South African macadamia grower-processor Green Farms Nut Company (GFNC) has started major expansion works at its Mpumalanga facility amid expectations for phenomenal industry growth over the coming years.
Capacity at the company’s White River plant is set to triple from the current 5,000 metric tonnes (MT) over two phases.
Phase 1 of construction that will see capacity increased to around 8,000MT is set to be completed in 2018.
GFNC general manager Alex Whyte said conservative estimates were for industry production of in-shell to grow 40% from 38,500MT in 2016 to around 65,000MT in 2020, but he mentioned some believed it could even reach 80,000MT by then.
“There have been a lot of plantings, and as these trees come into production they will produce a larger and larger crop,” he told PBUK.
“In the meantime, farmers are continuing to plant more macadamias and substituting them for more traditional crops like sugarcane, citrus, bananas and timber.”
He said South Africa had largely become reliant on the Chinese market to take in-shell macadamia, but he expected demand to decrease somewhat in the future as Chinese growers were significantly increasing production.
“They’ve paid good money for nut in-shell and it’s been a very easy thing to do, so no one’s really been increasing capacity and the kernel market has been kind of ignored,” he said.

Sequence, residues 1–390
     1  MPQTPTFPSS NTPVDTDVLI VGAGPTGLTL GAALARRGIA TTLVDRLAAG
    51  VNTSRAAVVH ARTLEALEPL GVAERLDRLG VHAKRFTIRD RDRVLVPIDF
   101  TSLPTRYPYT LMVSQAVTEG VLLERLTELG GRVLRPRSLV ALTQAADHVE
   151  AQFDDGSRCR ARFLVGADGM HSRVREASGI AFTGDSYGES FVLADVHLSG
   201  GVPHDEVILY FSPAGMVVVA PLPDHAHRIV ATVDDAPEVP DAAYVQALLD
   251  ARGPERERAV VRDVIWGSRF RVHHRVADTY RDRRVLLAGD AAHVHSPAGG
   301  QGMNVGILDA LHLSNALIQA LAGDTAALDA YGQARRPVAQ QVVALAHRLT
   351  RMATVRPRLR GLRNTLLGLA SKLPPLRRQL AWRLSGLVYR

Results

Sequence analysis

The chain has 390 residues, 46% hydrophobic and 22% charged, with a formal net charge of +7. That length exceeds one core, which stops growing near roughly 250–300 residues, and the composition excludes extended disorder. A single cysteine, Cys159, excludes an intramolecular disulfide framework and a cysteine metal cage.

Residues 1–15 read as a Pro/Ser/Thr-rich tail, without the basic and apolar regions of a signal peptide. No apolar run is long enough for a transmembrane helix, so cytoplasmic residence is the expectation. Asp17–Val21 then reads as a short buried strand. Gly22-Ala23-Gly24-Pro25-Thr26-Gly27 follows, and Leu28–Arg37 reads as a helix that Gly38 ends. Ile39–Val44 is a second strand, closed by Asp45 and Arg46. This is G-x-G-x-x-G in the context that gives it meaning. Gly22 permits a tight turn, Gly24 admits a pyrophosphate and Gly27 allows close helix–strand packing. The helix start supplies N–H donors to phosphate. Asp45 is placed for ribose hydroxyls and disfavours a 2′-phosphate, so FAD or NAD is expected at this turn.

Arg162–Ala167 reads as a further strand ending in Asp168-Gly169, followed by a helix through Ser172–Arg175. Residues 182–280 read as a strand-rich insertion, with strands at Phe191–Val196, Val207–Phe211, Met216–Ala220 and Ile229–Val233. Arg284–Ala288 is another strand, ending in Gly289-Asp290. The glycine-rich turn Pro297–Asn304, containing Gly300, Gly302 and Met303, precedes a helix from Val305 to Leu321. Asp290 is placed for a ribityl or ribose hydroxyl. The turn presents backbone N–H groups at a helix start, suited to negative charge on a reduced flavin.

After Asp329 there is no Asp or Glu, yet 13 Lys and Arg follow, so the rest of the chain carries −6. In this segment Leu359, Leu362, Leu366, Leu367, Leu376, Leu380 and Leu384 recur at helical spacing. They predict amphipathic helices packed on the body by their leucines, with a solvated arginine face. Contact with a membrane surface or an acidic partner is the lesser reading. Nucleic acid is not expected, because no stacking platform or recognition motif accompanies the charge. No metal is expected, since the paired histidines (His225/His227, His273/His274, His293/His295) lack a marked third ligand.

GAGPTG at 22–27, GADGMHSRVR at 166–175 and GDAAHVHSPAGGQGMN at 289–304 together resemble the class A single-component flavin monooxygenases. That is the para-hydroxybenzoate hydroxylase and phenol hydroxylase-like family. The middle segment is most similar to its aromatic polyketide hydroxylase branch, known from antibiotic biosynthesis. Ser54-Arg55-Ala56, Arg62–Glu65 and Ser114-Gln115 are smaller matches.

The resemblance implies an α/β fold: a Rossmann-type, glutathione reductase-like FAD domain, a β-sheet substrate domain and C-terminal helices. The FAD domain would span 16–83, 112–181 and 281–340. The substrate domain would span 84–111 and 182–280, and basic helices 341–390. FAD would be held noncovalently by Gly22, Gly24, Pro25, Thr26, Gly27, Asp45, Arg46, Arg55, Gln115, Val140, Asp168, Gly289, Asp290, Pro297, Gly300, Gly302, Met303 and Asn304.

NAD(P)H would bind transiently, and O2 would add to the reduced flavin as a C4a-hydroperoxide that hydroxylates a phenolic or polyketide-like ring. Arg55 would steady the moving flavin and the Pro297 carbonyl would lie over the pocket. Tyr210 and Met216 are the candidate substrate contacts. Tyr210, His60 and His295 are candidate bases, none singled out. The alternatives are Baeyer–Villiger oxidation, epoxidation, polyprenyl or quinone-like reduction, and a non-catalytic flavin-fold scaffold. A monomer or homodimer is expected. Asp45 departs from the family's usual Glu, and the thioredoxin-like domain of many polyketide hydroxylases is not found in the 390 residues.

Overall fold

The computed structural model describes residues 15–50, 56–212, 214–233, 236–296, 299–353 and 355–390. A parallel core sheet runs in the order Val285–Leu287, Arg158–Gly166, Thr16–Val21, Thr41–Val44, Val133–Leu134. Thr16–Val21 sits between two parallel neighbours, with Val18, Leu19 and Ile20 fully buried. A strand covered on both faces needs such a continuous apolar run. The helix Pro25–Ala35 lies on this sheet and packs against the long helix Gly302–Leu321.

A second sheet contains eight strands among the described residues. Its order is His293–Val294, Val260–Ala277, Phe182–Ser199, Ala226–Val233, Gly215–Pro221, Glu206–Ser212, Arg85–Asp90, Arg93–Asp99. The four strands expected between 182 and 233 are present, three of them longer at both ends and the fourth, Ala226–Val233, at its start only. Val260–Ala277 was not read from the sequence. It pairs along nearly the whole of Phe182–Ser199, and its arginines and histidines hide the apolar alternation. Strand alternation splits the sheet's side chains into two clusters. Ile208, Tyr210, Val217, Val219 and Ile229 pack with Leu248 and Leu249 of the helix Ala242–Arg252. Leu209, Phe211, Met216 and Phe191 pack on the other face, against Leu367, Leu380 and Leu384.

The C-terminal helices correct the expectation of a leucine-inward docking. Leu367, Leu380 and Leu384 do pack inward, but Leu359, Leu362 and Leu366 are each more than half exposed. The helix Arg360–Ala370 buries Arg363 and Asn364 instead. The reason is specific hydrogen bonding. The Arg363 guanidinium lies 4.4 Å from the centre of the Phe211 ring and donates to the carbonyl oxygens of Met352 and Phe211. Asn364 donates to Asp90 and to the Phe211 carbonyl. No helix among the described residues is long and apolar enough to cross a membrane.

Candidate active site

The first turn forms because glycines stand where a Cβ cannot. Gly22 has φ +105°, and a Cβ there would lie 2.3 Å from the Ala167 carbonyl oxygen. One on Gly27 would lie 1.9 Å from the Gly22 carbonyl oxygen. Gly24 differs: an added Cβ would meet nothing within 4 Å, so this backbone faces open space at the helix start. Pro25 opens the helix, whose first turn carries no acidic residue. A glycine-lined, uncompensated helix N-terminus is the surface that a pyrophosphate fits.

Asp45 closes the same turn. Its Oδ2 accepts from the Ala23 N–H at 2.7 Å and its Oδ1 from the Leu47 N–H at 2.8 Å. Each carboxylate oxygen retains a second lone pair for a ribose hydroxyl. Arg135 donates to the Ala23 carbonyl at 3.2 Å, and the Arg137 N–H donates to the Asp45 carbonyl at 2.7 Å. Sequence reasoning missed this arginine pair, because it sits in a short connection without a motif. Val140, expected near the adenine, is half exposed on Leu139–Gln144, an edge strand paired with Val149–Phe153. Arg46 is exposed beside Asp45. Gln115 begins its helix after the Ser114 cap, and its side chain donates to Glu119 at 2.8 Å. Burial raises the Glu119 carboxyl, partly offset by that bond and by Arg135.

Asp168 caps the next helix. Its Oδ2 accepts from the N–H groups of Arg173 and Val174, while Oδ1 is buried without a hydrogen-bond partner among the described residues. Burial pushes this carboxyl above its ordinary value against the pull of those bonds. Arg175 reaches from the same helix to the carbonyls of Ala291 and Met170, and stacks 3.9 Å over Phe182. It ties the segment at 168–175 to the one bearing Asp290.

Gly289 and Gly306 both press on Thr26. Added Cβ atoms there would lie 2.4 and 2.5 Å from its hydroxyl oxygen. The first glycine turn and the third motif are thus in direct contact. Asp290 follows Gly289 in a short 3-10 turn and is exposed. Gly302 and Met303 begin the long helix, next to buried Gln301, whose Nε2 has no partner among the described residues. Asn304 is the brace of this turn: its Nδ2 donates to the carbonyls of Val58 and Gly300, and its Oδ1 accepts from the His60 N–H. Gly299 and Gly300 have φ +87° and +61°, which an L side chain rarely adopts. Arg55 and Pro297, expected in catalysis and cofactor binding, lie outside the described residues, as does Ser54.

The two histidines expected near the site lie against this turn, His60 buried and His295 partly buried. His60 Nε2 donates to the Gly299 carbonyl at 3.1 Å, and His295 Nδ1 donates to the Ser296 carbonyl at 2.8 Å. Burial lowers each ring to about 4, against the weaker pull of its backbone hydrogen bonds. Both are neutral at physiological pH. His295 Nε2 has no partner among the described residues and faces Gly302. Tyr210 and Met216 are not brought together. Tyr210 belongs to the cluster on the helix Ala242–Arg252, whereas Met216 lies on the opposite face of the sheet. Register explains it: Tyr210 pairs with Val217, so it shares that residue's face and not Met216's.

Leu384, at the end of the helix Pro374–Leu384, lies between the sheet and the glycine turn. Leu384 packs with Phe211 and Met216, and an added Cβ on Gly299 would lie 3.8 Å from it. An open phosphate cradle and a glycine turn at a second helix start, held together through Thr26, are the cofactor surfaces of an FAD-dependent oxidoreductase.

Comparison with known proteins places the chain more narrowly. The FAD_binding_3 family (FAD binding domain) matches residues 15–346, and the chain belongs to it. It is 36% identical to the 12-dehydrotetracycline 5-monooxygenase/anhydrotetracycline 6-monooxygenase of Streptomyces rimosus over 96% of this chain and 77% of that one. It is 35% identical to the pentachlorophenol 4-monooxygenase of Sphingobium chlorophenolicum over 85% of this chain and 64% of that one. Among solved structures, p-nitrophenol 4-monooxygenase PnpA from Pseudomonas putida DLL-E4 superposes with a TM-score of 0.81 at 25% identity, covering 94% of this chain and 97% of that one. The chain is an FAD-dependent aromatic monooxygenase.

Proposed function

“I know the South African supply of kernels has been pretty flat over the last four or five years and I think the kernel market’s going to become more and more important.
“So [the expansion] is a strategic step to try and focus a little bit more on that market, ensure that we can produce the kernels when the volumes do come, and also have the ability to service the kernel markets more.”
GFNC owns three processing facilities in South Africa’s three main growing regions but the expansion will be focused at the Mpumalanga plant, which is set to grow from 3,000 square meters to just over 10,000 square metres.
Along with increasing capacity, Whyte explained the company would also increase efficiencies, install high-tech sorters and use the latest sterilisation techniques to ensure food safety.
Whyte believes the global kernel market had been “vastly undersupplied” which had constrained growth, but he was optimistic high supply levels would help to stimulate demand in the future.
In a bid to provide a more reliable supply to overseas companies, GFNC joined forces with Australia’s Suncoast Gold Macadamias and Stahmann Farms Enterprises to form Green & Gold – the world’s single largest macadamia marketer.
Whyte said South Africa’s main kernel markets were currently the US and Europe, but he pointed out there was strong potential in less traditional markets like the Middle East and Southeast Asia.
“Macadamias have been such a small crop – they’ve only been about 1% of total tree nut volume – so there is a huge amount of room for growth if we can actually put the supply out there in the marketplace,” he said.
GFNC has its own macadamia nut farms and also works with third-party suppliers.